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The convenience offered by digital transactions and online communications comes with a significant downside: the increased risk of financial scams and identity theft. Cyber scams take many forms, from bulk emails that rely on a few people clicking suspicious links to highly-targeted and individualised scams.

Because most scammers are ultimately aiming for one thing – moving money from a victim’s bank account into their own – our fraud team at Sasfin is exposed to many different types of scams.

Here are the five most common scams, how to spot them, and what you can do to keep your personal information – and finances – safe.

Identity theft

What it is: Unfortunately, this remains one of the biggest threats worldwide and can be devastating if it happens to you. Identity theft involves the unauthorised acquisition and use of someone’s personal information, such as their name, identity number, or credit card details, typically for fraudulent purposes, such as opening additional credit cards or store credit, or using existing credit cards for fraudulent purposes. Identity theft can also be used to open cellphone contracts, to buy airtime and so on.

How to identify it: Warning signs include unexplained transactions on your bank statements, bills for services you didn’t use, and unexpected credit card or loan rejections.

How to avoid it: Protect your personal information by using strong, unique passwords for online accounts, monitoring your financial statements regularly, and being cautious about sharing personal information, especially on unsecured websites or in response to unsolicited communications.

Deposit and refund scams

What it is: These scams trick individuals into believing they are receiving a legitimate deposit or refund from a trusted institution. Victims are then asked to send a portion of the money elsewhere, only to find out the initial deposit was fraudulent.

How to identify it: Be wary of unsolicited messages claiming you are owed a refund or have received an unexpected deposit, especially if you are asked to send money to a third party. This is commonly used in online marketplace scams. Either you will be asked to pay for goods before seeing them (and then they never arrive), or the buyer of something you are selling deposits too much money and asks you to return the difference. The money looks like it’s in your account, but it bounces back to the depositor and meanwhile you have sent them some of your money.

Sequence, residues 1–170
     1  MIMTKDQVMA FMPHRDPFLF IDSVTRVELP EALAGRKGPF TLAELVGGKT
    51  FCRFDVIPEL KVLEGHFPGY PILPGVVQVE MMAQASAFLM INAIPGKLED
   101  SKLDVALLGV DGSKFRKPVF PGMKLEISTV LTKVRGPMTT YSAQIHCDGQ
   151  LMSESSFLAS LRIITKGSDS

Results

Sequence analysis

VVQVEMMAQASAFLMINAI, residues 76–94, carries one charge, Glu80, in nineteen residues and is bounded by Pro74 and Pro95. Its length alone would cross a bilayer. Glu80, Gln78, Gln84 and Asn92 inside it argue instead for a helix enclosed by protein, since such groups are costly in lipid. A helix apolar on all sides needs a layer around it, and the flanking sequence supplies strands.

How to avoid it: Never forward money based on an unexpected deposit. Verify the legitimacy of any unexpected funds with the issuing institution directly before taking any action.

419 or investment scams

What it is: Also known as Nigerian scams, these schemes promise victims significant returns on investments or a share of a large sum of money in exchange for a small upfront fee.

How to identify it: Red flags include unsolicited emails or messages from strangers promising large financial gains, requests for confidential information, and demands for fees before receiving any supposed benefits. Another clue is when the promise of a return is much higher than any other investment.

How to avoid it: Ignore unsolicited investment offers, especially those requiring upfront payments. Remember that if something seems too good to be true, it is. Finally, conduct thorough research and consult with financial professionals from well-known and established financial advisory firms before making any investments. Speak to other clients whom you know and can verify and check LinkedIn profiles to verify advisors and their expertise and reputation.

Employment scams

What it is: Scammers post fake job listings or reach out with job offers that require the job seeker to pay for training, equipment, interviews, or background checks upfront, only for the job to be non-existent.

How to identify it: Warning signs include job offers without interviews, requests for payment to secure an interview or a position, and offers that seem too good to be true.

How to avoid it: Research the company or recruitment agency offering the job, look for reviews or complaints online, and be sceptical of any job that asks for money upfront.

Pyramid and ponzi schemes

What it is: Pyramid schemes involve recruiting members with the promise of payments for enrolling others into the scheme, rather than supplying investments or selling products. Ponzi schemes promise high returns from fictitious sources and use new investors' money to pay earlier investors.

How to identify it: Key indicators include a focus on recruiting new members over selling products, promised returns that seem too high or consistent to be true, and pressure to invest quickly.

How to avoid it: Steer clear of any investment opportunity that prioritizes recruitment over product sales and promises guaranteed returns with little to no risk. Always perform due diligence before investing.

This is just a sample of the most common threats, and while some scams are easier to spot than others, often all it takes is an unguarded or unconcentrated moment for a scammer to trick you. However, by staying informed and above all, vigilant, you can protect yourself against these cyber threats.

About the Author

Tanja Swanepoel
Head: Fraud and Client Risk Management, Sasfin Holdings Limited

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